Date
Saturday, November 3, 2018 - 10:00 a.m. to 4:00 p.m.
China and Japan: A History of Empires

The influence of China and Japan on global history has been immense, and goes back further than many Americans may realize. To understand these nations in the context of the modern world, Justin M. Jacobs, associate professor of history at American University, provides a comprehensive perspective on thousands of years of their pasts in an informative lecture series. This session focuses on modern Chinese history.

Date
Tuesday, November 6, 2018 - 6:45 p.m.
The Jews of Spain: 1000 Years of History

After almost a millennium of harmonious existence in Spain, what had been the most populous and prosperous Jewish community in Europe ceased to exist on the Iberian Peninsula by the end of the 15th century. Author Jeffrey Gorsky traces that history—which encompasses both power and the persecutions of the Inquisition—as well as the impact of this early racial and religious discrimination on later cultures.

Date
Wednesday, November 7, 2018 - 6:45 p.m.
Americans and the Holocaust: History’s Enduring Questions

The Americans and the Holocaust exhibition at the United States Holocaust Memorial Museum raises many questions about the response of the international community and the U.S. to the rise of Nazism. Two experts from the museum explore the exhibition’s issues, and participants are invited to experience the exhibition after-hours.  

Date
Thursday, November 29, 2018 - 6:45 p.m.
Magical Prague: The Crown of Bohemia

Lose yourself in Prague, city of a hundred spires, as cultural historian Ursula Wolfman takes you on a virtual tour along its medieval cobblestone lanes and dark passageways, past its many churches and synagogues, into the heart of a city dominated by the magnificent Hradcany, the 1,100-year-old castle complex. (World Art History Certificate elective, 1/2 credit)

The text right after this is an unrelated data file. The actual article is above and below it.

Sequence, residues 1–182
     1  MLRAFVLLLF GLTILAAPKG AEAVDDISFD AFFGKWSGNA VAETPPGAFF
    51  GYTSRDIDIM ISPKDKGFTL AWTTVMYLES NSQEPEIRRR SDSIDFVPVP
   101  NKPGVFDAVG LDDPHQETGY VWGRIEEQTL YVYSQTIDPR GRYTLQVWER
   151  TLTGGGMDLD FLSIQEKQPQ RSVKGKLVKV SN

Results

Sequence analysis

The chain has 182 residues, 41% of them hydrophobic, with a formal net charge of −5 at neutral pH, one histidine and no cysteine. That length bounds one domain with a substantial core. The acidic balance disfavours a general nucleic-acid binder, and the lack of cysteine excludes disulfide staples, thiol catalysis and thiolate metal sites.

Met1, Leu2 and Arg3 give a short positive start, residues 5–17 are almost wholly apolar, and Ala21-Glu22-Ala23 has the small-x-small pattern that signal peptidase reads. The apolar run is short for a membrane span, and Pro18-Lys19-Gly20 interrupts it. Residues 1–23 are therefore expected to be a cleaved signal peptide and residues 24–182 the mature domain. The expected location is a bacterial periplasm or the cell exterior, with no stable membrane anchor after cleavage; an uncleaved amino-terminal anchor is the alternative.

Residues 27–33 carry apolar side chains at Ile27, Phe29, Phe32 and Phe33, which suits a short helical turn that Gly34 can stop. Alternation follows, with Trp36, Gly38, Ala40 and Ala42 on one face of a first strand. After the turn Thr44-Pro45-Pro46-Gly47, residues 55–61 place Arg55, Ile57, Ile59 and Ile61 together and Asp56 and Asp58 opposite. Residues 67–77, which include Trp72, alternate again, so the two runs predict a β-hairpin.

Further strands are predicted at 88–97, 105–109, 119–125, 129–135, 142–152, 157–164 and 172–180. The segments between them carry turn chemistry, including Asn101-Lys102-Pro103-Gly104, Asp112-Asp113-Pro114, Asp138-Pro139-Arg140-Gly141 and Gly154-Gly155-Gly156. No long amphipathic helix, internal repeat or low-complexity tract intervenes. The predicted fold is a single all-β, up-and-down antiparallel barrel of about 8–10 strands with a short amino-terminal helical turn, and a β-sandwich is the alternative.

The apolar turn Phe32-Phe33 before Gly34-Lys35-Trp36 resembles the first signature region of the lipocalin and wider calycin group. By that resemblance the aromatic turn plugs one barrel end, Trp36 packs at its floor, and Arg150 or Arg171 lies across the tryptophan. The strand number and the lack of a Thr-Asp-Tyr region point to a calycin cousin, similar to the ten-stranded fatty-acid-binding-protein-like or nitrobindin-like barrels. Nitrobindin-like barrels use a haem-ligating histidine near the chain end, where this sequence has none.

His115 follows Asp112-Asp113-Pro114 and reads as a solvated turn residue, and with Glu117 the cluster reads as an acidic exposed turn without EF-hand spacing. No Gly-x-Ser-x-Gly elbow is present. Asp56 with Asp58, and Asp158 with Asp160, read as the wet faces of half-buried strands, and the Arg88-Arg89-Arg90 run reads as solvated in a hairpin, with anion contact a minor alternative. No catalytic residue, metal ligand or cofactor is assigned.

Date
Thursday, November 29, 2018 - 6:45 p.m.
China and Japan: A History of Empires

The influence of China and Japan on global history has been immense, and goes back further than many Americans may realize. To understand these nations in the context of the modern world, Justin M. Jacobs, associate professor of history at American University, provides a comprehensive perspective on thousands of years of their pasts in an informative lecture series. This session focuses on the Japanese Empire.

Date
Tuesday, December 4, 2018 - 6:45 p.m.
Fin-de Siecle Vienna: The Cradle of Modernity

As the 19th century drew to a close, Vienna was a city at the heart of a vanishing world power. It was also an incubator for some of the most important figures in the arts, letters, and philosophy: Art historian Aneta Georgievska-Shine explores the ways in which fin-de-siecle Vienna became the cradle of modernity in Central Europe. (World Art History Certificate elective, 1 credit)

Date
Saturday, December 8, 2018 - 9:30 a.m. to 4:00 p.m.
The Cambridge Five: Soviet Intelligence Spies

Why would a group of young men from one of England’s elite universities betray their country for Russia? Using recently declassified British, American, and Soviet intelligence records, Historian and author Calder Walton examines the lives, motivations, damage, and legacy of the notorious Cold War operatives that came to be known as the Cambridge Five.

Date
Tuesday, December 11, 2018 - 6:45 p.m.
A Tudor Christmas Celebration

Tudor and Renaissance scholar Carol Ann Lloyd Stanger provides a colorful glimpse into how members of the Tudor dynasty and their courtiers marked the festive season with midwinter merrymaking fit for a king (or queen). Afterward, enjoy a Tudor-inspired holiday “feast.”

Date
Wednesday, December 12, 2018 - 6:45 p.m.